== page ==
Not even 100 convictions are enough to put a crook in jail.

HALF of all criminals found guilty of a serious crime escaped a prison sentence despite having more than 100 previous convictions or cautions.

 

Shocking figures seen by the Sunday Express reveal offenders convicted of violent crimes, sexual offences, robbery, burglary and drugs crimes are getting community or suspended sentences.

The figures come ahead of the publication this week of the sentencing Green Paper, which will outline plans to beef up community sentences and cut prison places by 3,000 over four years, as the Ministry of Justice suffers a 24 per cent budget cut of £2.5billion.

The plan has fuelled fears that dangerous criminals will not be sent to jail because of a lack of prison places.

Between 2007 and 2009, the number of criminals with 101 previous convictions or cautions who were not jailed rose from 243 to 385. Over the past two years the numbers with more than 76 previous convictions not given a custodial sentence rose from 334 to 455. All were indictable offences, deemed serious enough for the Crown Court.

In 2009, 2,660 criminals were not jailed for indictable offences despite 50 cautions or convictions, almost double the total of 1,605 in 2007.

The number not given custodial sentences for drugs offences rose from 90 in 2007 to 199 in 2009, while 251 were found guilty of violent crimes compared with 151 in 2007.

 

Barrister Robin Callender-Smith said: "On the face of it these figures require a great deal more explanation by the Ministry of Justice.

For someone to have over 50 previous convictions or cautions and not be looking at a custodial sentence is quite extraordinary."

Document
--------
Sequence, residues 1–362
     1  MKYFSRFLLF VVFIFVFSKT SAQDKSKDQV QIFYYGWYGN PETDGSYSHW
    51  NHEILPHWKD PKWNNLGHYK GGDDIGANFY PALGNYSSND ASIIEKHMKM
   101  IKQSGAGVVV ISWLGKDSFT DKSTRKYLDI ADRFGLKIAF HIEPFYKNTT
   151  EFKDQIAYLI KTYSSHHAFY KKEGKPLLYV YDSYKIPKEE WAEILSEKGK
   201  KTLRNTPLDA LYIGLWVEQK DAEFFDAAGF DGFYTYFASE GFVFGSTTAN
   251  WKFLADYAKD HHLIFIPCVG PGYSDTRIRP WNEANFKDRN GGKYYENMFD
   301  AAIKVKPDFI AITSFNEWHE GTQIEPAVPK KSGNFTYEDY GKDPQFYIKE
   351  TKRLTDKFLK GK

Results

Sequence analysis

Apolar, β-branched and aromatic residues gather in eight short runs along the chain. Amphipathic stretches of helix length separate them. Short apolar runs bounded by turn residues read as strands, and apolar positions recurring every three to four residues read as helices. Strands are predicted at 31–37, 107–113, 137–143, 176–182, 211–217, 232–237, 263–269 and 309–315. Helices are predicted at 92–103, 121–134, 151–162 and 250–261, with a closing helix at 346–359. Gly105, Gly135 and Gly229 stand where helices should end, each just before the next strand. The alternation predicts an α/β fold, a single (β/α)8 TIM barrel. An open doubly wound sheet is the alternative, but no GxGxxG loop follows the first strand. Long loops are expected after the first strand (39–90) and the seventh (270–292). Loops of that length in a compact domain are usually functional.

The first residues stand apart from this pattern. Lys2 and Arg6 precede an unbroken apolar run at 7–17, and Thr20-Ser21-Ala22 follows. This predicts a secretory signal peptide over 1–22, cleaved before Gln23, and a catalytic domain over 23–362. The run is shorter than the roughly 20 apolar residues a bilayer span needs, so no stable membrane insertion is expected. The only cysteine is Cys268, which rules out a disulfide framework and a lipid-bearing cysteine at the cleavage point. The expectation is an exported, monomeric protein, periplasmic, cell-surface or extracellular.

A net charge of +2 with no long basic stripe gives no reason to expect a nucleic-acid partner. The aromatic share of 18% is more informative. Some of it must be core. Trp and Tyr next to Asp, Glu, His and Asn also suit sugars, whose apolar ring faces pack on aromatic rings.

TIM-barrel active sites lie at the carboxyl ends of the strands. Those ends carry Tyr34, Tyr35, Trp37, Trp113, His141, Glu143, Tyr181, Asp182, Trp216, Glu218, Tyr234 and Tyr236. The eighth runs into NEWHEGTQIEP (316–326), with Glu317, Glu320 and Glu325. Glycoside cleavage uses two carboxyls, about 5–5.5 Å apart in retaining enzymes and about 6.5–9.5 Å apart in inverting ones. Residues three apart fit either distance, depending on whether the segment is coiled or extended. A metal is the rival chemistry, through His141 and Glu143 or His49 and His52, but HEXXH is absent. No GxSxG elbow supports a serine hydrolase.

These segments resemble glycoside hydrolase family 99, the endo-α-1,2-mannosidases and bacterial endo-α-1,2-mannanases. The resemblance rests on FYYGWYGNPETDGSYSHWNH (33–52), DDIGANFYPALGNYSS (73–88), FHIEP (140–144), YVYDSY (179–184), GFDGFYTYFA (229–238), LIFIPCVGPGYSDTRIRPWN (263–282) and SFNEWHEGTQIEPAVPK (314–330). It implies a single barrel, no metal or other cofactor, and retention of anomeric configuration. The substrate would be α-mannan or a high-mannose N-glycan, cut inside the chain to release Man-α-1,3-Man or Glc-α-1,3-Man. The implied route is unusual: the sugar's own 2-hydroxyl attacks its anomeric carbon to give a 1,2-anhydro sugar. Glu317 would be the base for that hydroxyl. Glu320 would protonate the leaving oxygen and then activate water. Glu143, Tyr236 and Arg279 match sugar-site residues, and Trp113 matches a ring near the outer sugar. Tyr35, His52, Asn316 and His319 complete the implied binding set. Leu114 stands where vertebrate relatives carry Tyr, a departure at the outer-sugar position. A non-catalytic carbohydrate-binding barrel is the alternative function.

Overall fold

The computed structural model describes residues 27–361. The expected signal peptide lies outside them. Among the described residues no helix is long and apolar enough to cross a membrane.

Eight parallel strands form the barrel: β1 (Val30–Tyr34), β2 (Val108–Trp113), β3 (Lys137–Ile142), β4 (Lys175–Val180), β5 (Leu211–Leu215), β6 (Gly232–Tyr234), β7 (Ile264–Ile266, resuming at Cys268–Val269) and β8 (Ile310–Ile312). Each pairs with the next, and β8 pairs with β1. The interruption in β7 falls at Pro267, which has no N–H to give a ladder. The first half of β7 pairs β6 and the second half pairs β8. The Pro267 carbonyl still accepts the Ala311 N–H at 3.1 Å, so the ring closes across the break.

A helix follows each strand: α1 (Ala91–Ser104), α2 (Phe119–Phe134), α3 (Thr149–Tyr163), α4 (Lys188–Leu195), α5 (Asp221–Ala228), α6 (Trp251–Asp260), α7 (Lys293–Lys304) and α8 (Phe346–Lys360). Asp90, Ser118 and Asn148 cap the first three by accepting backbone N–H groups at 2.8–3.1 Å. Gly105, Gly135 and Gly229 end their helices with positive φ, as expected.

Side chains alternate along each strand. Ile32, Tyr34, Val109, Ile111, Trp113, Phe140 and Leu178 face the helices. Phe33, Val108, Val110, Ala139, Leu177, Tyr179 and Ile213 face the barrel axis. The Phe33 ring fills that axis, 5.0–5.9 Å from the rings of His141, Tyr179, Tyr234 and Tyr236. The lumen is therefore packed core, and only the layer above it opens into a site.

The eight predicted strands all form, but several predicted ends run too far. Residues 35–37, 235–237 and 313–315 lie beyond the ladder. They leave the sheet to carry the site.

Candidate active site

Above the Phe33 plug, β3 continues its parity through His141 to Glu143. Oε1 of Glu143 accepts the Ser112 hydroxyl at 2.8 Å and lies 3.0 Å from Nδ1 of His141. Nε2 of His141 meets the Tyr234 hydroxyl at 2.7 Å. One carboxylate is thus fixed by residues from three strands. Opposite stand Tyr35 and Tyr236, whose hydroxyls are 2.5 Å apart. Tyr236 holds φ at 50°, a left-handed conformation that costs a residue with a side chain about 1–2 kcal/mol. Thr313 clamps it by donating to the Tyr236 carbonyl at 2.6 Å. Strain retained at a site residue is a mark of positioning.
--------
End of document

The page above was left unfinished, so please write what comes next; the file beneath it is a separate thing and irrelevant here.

Conservative MP Philip Davies said: "This is a complete scandal.

These people have been through community sentence after community sentence and are still offending. The last thing these people need is another community sentence. It is just ludicrous."

Mr Davies warned ministers were in for a"rude awakening" over their sentencing policy, which was"a million miles away from public opinion".

In 2009, a staggering 20,913 offenders who had been convicted or cautioned from 26 to 50 times received non-custodial sentences, compared with 16,367 in 2007.

The law defines a persistent offender as someone convicted or cautioned for three or more separate offences.

Despite being contacted by the Sunday Express, the MoJ failed to explain why hardcore offenders were not being jailed.

A Victim Support spokeswoman said: "People will ask why is this being allowed to go on. We need effective measures to stop people re-offending but what they are doing does not seem to be effective." Publication of the Green Paper was delayed, as Tories feared they would be seen as soft on crime. It will outline plans to cut sentences in half if criminals plead guilty.

Thousands could get beefed up community sentences, with private firms in charge of convicts repairing roads and cleaning railways.